may not be cited except as provided by
Minn. Stat. § 480A.08, subd. 3 (1998).
STATE OF MINNESOTA
IN COURT OF APPEALS
Waconia Farm Supply,
Michael L. Weinandt,
Filed February 16, 1999
Toussaint, Chief Judge
Carver County District Court
File No. C2961837
Lawrence H. Crosby, Crosby & Associates, 630 Roseville Professional Center, 2233 Hamline Avenue North, St. Paul, MN 55113 (for appellant)
Considered and decided by Toussaint, Chief Judge, Klaphake, Judge, and Foley, Judge.[*]
Respondent Waconia Farm Supply (Waconia) sued appellant Michael Weinandt for breach of a lease agreement and Weinandt counterclaimed alleging breach of several warranties, breach of contract, and failure of essential purpose of applicable warranties. After a bench trial, the district court ordered judgment in favor of Waconia and dismissed Weinandt's counterclaim. On appeal, Weinandt challenges the district court's (1) finding that Waconia was unaware of his modifications of the leased baler; (2) finding that the problems with the baler were caused by his modifications of the baler, using the baler in a stationary position, and using the baler to bale a straw and manure waste product; (3) conclusion that there was no breach of an implied warranty of merchantability, implied warranty of fitness for a particular purpose, and/or an express warranty; and (4) taxation of costs and disbursements for Waconia's expert witness fee. Waconia challenges the district court's refusal to tax costs and disbursements as reimbursement for wages it paid to its employee-witnesses, and seeks review of the district court's denial of its motion to dismiss the counterclaim based on an exculpatory clause in the lease agreement.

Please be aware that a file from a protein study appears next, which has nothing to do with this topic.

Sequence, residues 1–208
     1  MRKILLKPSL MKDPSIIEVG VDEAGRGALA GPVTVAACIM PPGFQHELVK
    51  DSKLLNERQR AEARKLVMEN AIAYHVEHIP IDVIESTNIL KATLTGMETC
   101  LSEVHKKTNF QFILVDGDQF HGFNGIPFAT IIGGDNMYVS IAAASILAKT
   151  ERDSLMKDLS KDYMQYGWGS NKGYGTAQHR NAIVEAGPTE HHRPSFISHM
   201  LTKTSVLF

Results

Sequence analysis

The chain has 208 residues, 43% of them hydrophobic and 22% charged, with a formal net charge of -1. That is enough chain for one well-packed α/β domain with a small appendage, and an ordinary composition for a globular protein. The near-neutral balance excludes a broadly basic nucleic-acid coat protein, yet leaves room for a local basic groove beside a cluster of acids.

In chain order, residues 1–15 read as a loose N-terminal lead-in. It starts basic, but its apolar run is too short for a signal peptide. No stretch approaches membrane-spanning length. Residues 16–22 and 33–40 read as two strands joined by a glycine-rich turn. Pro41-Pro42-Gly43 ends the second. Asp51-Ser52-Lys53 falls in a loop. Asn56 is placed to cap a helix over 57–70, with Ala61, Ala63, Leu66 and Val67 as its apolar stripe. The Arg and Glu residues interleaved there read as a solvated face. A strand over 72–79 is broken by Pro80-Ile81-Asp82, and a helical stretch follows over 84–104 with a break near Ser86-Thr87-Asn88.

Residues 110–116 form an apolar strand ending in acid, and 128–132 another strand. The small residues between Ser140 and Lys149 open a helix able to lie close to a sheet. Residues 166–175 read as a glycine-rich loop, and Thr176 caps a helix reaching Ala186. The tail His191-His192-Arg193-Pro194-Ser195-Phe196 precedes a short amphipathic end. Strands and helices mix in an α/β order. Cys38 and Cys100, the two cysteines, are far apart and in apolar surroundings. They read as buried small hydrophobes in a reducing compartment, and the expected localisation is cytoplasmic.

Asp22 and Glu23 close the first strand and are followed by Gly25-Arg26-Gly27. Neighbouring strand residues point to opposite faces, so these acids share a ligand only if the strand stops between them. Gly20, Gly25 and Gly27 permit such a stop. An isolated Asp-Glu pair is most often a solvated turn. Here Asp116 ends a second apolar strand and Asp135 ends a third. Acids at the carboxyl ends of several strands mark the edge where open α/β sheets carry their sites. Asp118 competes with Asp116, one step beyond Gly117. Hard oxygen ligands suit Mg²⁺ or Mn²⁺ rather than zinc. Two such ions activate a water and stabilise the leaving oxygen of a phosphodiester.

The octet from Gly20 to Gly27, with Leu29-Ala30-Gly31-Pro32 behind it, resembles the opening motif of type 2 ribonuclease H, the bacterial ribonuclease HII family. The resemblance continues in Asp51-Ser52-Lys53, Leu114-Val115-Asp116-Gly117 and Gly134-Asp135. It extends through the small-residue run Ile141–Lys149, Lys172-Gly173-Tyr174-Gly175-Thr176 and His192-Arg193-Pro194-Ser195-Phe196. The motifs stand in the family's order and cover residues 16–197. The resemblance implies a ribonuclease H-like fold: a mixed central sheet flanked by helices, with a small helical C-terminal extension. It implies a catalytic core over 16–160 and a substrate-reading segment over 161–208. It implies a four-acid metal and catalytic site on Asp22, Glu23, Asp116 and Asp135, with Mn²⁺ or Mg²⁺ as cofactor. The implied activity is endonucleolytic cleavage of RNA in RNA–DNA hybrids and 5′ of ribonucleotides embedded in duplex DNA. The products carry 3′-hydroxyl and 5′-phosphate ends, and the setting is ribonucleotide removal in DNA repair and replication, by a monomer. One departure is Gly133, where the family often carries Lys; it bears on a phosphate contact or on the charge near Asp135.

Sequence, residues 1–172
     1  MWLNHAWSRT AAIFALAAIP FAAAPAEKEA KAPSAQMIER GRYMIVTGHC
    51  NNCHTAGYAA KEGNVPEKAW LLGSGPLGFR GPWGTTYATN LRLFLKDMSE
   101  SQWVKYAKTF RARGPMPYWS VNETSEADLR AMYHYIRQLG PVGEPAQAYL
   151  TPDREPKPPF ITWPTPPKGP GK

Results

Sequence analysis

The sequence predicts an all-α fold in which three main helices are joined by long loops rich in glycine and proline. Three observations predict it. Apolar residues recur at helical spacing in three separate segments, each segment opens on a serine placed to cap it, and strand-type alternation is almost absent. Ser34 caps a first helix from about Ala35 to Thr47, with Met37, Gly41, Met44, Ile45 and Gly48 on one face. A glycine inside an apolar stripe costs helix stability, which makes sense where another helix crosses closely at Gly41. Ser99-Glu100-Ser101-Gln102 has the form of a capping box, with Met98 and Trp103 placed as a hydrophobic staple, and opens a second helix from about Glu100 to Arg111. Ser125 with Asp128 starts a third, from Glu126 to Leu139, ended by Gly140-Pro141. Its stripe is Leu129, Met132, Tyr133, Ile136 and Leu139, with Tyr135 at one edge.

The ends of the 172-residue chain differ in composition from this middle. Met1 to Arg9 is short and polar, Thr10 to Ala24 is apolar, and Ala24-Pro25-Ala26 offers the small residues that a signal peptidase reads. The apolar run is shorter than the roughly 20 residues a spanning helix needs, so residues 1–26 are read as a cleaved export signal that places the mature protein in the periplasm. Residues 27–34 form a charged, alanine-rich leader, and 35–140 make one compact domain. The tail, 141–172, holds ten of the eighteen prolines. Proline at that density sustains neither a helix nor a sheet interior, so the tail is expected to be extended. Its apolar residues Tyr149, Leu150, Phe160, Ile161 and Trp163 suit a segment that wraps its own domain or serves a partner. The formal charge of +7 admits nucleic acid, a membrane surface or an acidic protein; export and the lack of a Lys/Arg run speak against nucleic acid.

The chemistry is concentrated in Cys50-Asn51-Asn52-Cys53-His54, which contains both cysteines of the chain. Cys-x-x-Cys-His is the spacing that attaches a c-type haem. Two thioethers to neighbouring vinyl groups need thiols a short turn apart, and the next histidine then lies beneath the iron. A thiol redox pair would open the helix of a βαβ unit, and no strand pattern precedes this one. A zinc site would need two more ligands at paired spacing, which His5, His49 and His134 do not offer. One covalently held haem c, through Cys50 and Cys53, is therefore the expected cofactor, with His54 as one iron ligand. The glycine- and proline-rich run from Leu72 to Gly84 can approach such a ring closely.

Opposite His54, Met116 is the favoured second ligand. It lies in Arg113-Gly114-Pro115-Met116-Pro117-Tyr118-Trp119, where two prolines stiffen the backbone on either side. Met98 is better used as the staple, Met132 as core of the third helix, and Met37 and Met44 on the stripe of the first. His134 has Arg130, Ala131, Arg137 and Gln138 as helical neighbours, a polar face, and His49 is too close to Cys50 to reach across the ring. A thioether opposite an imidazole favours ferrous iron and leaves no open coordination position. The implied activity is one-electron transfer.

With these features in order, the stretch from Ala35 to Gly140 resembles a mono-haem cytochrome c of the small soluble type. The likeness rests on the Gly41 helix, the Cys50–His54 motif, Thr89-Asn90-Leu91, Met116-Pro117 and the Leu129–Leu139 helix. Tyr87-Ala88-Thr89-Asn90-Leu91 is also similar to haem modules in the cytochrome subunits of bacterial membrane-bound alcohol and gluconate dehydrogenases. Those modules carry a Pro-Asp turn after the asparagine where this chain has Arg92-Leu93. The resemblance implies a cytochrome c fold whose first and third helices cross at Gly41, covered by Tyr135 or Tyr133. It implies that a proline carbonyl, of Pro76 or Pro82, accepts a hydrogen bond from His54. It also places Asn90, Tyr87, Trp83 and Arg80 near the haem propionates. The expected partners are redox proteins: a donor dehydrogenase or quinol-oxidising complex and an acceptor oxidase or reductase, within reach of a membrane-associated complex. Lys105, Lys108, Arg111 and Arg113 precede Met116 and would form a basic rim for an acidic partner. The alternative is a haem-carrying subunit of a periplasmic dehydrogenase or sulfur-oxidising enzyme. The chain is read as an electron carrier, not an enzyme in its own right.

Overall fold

Because (1) there is sufficient evidence in the record to support the district court's findings of fact; (2) Weinandt failed to support his challenge to the taxation of costs and disbursements for Waconia's expert witness fee with any authority; (3) employee-witnesses are not entitled to compensation for the time they spent testifying; and (4) Waconia failed to file a notice of review from the district court's denial of its motion to dismiss based on an exculpatory clause, we affirm.